Animal welfare was in its infancy and the desire to win come at all costs. The whip was used as a ‘tool’ to encourage a horse to go faster. In essence, punished to run faster, the goal to win.

The whip has been associated with animal cruelty.

These days, the spectacle of a horse being hit countless times is a less common sight.

In 2011, the British Horse Racing Association changed the whip rules nearly halving the number of times a horse can be struck to 7 strokes for the Flat and 8 for the National Hunt. And a maximum of 5 strokes in the final furlong or after the last obstacle.

Whip rules include:

1) The manner in which the whip was used, including the degree of force

2) The purpose for which the whip was used

3) The distance over which the whip was used and whether the number of times it was used was reasonable and necessary

4) Whether the horse was continuing to respond

If a jockey is in breach of the rules the stewards will give a penalty for the offence resulting in suspension of days racing and/or monetary fine.

These rules are updated on a regular basis.

Thankfully, the days gross abuse of the whip are a thing of the past but animal welfare is an important subject for the protection of horses within racing and the how the use of the whip is viewed and perceived.

There are races which do not allow the use of the whip called ‘hands and heels’ and even if a whip is carried it may only be used in cases where a horse is out of control.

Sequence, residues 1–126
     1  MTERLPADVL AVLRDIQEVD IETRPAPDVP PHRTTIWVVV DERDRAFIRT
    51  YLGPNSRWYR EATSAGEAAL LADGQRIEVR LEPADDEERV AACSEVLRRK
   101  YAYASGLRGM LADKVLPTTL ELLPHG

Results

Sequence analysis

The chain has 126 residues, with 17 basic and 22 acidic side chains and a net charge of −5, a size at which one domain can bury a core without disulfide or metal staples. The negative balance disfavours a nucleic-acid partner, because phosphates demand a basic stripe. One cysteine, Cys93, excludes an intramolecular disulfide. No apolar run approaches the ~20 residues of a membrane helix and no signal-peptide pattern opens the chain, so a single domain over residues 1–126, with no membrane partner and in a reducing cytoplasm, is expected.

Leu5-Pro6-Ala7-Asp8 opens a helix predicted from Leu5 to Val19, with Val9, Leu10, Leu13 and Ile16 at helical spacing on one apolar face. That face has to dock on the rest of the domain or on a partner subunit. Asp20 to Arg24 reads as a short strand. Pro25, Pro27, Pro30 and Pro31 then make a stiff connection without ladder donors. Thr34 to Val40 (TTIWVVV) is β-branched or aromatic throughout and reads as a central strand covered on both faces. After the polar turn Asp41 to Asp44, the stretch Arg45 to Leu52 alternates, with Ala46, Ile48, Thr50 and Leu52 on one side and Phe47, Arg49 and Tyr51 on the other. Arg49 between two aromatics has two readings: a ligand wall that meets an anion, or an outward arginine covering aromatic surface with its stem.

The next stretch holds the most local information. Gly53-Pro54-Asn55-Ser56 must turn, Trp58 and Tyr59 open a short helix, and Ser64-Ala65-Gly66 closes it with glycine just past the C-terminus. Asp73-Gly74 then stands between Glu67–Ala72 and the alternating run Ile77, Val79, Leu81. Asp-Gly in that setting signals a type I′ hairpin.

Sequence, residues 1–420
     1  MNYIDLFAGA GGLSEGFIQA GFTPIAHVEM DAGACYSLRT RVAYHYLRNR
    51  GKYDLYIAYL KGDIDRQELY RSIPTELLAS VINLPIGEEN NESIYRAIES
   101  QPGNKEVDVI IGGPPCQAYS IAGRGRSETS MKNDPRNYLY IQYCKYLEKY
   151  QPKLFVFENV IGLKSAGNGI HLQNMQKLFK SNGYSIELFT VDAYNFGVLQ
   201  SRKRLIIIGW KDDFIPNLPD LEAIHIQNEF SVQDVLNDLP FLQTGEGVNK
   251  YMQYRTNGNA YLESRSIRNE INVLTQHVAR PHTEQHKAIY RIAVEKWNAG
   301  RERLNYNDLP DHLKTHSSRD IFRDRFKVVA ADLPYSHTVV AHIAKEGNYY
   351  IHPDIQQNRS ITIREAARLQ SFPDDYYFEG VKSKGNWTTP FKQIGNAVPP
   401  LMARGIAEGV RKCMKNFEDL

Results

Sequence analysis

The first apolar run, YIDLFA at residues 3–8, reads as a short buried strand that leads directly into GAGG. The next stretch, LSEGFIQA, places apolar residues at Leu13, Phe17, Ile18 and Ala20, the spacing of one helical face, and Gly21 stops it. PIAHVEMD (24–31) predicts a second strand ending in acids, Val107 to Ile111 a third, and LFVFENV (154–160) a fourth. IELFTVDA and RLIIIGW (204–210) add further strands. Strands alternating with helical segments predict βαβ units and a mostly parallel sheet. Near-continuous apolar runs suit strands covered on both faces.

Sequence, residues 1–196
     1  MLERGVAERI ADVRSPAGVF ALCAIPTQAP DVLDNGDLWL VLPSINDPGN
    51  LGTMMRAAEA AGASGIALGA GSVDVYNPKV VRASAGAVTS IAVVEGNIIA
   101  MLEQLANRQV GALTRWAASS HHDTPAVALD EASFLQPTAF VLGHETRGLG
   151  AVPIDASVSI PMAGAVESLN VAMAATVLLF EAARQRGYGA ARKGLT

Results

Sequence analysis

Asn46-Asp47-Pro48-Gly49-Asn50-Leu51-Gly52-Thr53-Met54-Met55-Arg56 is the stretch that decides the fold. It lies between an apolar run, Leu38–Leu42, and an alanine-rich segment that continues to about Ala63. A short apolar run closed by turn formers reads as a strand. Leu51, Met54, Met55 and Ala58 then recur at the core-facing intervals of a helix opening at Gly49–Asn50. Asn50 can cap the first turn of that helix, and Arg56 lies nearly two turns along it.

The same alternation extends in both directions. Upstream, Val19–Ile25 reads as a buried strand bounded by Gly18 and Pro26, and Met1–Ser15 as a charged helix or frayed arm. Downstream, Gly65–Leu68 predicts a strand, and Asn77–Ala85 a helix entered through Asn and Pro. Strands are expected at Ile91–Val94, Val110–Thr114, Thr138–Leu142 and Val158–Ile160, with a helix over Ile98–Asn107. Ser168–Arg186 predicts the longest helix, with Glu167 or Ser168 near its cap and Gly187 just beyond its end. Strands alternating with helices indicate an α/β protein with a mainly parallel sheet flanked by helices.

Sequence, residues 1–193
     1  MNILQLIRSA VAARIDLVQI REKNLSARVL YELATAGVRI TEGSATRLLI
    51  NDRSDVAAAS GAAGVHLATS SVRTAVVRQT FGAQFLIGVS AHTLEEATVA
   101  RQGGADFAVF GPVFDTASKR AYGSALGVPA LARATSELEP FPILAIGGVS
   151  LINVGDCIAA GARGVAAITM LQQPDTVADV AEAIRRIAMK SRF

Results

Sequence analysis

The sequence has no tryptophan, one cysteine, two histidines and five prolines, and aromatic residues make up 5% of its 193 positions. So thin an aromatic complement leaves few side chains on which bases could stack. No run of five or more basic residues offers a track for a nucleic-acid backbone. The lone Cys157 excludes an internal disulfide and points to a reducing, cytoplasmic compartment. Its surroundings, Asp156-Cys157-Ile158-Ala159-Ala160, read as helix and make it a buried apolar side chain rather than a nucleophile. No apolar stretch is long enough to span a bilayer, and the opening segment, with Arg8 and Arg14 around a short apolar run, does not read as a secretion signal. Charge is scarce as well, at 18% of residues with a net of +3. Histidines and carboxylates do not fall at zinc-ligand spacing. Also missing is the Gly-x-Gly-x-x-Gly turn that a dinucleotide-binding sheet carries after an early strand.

There is scientific evidence that whipping a horse doesn’t make it run faster although others considered the data biased. (It was funded by the RSPCA)

Perhaps the day will come when the use of the whip is abolished.

How many times did Bill Shoemaker win the American Triple Crown?

How many times did Bill Shoemaker win the American Triple Crown?

William Lee ‘Bill’ Shoemaker, a.k.a. ‘The Shoe’, rode his first winner on April 20, 1949 and his last on January 20, 1990. On September 7, 1970, Shoemaker broke the world record for winners ridden by a professional jockey, 6,032, set by English-born Johnny Longden four years earlier. Indeed, at the time of his retirement, Shoemaker had amassed 8,833 career winners, thereby setting a record that would stand until December 10, 1999, when broken by Panamanian-born Laffit Pincay Jr.. Pincay Jr.’s record has since been beaten, nay obliterated, by Canadian-born Russell Baze and, subsequently, by Brazilian-born Jorge Ricardo. Even so, three decades after his retirement from the saddle, Shoemaker remains the fourth most prolific jockey in horse racing history.

However, for all his success, it may come as a surprise to read that Shoemaker never won the American Triple Crown. He won each of the individual Triple Crown races – namely the Kentucky Derby, Preakness Stakes and Belmont Stakes – more than once, but never all three races in the same season. In fact, the closest Shoemaker came to doing so was aboard Damascus who, in 1967, finished third behind Proud Clarion in the Kentucky Derby before winning the Preakness Stakes and Belmont Stakes. All told, Shoemaker won the Belmont Stakes five times, in 1957, 1959, 1962, 1967 and 1975, Kentucky Derby four times, in 1955, 1959, 1965 and 1986 and Preakness Stakes twice, in 1963 and 1967.